Surely Pete Carroll exploited the process in college: When you have the luxury of a lot of starters in place, and some young players get banged up, you redshirt them a year to get healthy and stronger.
In the meantime, they learn the schemes and competitive expectations without the pressure of game preparation every week.
The Seattle Seahawks head into the 2015 season with a deep and talented roster because of the impact of a group of “redshirt freshmen” ready to play important roles.
Safety Dion Bailey (ankle), linebacker Kevin Pierre-Louis (shoulder) and defensive end Cassius Marsh (foot) missed all or significant portions of their rookie seasons in 2014.
Sign Up and Save
Get six months of free digital access to The Bellingham Herald
Now, Bailey could be the starter at strong safety if Kam Chancellor continues his holdout (or is traded); Pierre-Louis had an impressive preseason as a backup and special-teams performer, and Marsh is involved in the D-line rotation and also making big plays on special teams.
All three played smart, fast and confidently in the preseason, as did second-year tackle Garry Gilliam, who avoided injury as an undrafted free-agent rookie, but mostly spent the season watching from the sideline before his recent ascension to the starter’s role at right tackle.
“Once they found out the extent of my ankle injury, (GM) John Schneider and Coach Carroll both said that it would be like a redshirt year,” Bailey explained. “I think it helped some of us catch up to the speed of the game. We pretty much had the physical tools, and some of us advanced by learning a lot about the game over the past year.”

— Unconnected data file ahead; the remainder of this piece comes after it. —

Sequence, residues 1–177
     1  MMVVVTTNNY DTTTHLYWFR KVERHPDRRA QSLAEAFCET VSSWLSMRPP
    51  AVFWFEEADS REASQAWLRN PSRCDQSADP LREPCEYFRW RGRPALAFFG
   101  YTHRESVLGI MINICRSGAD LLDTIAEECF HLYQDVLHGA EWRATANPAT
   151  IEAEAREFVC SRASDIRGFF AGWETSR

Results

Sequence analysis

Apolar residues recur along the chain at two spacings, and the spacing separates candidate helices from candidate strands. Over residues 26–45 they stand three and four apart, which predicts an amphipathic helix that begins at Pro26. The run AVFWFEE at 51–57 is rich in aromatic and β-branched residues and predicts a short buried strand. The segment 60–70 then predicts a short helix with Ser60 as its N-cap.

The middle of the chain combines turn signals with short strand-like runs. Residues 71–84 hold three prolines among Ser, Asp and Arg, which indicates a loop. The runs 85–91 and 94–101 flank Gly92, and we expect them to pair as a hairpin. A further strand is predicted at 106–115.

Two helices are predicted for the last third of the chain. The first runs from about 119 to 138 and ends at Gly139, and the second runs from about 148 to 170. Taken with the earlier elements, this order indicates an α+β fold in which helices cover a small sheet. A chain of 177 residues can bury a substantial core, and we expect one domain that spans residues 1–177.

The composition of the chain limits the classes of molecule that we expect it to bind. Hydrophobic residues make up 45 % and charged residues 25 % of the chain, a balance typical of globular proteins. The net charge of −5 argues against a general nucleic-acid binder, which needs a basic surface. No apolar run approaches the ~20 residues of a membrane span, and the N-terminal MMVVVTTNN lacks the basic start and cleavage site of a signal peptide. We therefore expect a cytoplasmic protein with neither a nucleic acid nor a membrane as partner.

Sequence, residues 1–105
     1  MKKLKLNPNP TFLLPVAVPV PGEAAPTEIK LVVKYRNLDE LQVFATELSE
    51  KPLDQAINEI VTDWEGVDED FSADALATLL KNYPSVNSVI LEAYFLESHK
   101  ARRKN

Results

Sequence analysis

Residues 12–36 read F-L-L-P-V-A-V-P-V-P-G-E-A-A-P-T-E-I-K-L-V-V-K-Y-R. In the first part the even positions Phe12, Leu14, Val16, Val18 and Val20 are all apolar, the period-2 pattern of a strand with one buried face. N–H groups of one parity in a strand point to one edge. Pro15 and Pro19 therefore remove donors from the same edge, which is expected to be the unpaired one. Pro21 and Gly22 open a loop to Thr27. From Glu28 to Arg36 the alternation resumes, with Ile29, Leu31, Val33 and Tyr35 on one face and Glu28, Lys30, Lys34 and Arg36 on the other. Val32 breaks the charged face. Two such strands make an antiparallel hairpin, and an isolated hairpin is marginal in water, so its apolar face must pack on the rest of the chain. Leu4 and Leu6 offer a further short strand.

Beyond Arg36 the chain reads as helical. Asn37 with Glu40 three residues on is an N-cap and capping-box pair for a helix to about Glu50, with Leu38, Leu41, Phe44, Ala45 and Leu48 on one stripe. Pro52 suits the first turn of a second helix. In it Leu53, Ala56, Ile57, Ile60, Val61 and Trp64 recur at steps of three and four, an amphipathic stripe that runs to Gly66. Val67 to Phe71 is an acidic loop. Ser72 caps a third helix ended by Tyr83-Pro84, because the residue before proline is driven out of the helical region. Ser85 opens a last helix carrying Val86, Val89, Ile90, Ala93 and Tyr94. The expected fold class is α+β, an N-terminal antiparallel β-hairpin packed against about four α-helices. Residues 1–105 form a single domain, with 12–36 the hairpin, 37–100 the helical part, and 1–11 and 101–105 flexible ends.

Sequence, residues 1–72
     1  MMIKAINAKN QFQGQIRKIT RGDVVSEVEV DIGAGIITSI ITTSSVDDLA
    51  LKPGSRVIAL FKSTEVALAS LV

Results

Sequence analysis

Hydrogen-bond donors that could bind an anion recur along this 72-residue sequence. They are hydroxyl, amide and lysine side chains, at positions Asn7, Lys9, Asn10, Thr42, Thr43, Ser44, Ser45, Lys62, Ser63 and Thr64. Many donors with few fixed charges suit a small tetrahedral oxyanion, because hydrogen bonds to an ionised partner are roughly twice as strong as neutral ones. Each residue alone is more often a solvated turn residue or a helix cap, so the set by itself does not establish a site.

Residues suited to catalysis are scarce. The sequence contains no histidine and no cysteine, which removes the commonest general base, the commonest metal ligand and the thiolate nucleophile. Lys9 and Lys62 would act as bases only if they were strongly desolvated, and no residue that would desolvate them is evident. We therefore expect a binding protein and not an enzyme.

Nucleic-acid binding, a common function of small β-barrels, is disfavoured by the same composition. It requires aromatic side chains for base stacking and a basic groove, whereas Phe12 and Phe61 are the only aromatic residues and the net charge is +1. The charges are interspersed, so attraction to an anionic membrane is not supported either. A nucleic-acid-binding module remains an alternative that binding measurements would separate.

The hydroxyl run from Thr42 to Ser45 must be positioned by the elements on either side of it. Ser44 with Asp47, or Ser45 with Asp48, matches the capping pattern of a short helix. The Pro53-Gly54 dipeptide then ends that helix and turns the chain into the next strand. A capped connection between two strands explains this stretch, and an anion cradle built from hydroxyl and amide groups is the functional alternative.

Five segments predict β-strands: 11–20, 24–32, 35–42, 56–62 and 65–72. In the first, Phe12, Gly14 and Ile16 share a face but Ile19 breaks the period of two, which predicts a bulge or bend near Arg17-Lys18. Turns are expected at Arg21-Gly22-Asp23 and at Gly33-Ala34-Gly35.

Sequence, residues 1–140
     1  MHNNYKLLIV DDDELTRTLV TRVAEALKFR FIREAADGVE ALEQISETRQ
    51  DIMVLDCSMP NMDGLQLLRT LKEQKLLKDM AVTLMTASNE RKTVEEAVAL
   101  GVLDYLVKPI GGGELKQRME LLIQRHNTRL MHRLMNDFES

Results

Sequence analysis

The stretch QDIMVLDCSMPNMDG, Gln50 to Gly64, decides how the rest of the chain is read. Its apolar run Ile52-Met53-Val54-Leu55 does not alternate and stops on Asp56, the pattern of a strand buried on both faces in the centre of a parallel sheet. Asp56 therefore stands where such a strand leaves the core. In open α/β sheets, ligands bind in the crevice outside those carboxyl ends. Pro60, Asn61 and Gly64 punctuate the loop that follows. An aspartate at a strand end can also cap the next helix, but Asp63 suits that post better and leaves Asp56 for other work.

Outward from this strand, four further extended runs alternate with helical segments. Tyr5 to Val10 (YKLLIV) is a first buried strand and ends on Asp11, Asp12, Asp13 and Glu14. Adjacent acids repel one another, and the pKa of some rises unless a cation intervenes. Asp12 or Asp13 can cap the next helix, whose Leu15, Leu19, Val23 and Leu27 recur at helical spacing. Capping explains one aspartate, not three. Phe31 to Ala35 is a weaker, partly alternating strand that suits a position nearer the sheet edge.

To watch was to learn for Bailey, and there were a number of veterans willing to help. “I think guys saw the potential in me and helped me stay in the game mentally so I could play fast when I did get healthy,” Bailey said.
Marsh said he almost couldn’t help but learn from the veterans, as he missed all but five games last season.
“We have a lot of guys who show you what it takes to be a pro,” Marsh said in the locker room after the team’s final exhibition game against Oakland. “There’s plenty of examples for you.”
The rehab process allowed Marsh to spend extra time in the weight room and build up for this season. But being kept off the field resulted in a more visceral development. “Having to be away from the game makes you more hungry,” said Marsh, who plays at an almost frantic pace as it is.
Pierre-Louis mentioned “hunger,” too, as he looked back at last season, but then got wistful about other impacts of watching from the training room. “This is truly a team,” he said. “And when you’re apart from them, when you’re not helping them, it hurts a little bit. It makes you want to get back out there with your brothers and battle with them.”
The linebacker also grasped the reality that careers can’t be built in the training room.
“One of the benefits for me was to think of ways to do whatever I can to make sure I stay on the field,” Pierre-Louis said. “I was a guy with a lot of small muscle strains, and now I’m figuring out a routine to help me prevent the things that are preventable.”
Gilliam said he spent the year getting stronger and learning the schemes and techniques, but also developing the “chemistry” with the other linemen, and learning the subtle things that go into being a professional athlete.
“There’s a lot to the day-to-day of it,” Gilliam said. “How you take care of your body, what you need to eat, and all the things you have to do to be ready to play at a high level.”
And what does he see now from so many of his contemporaries who are ready to contribute?
“It’s extremely important to have that kind of depth,” he said. “You can’t have a big drop-off after the starters; I think that’s what makes a championship team.”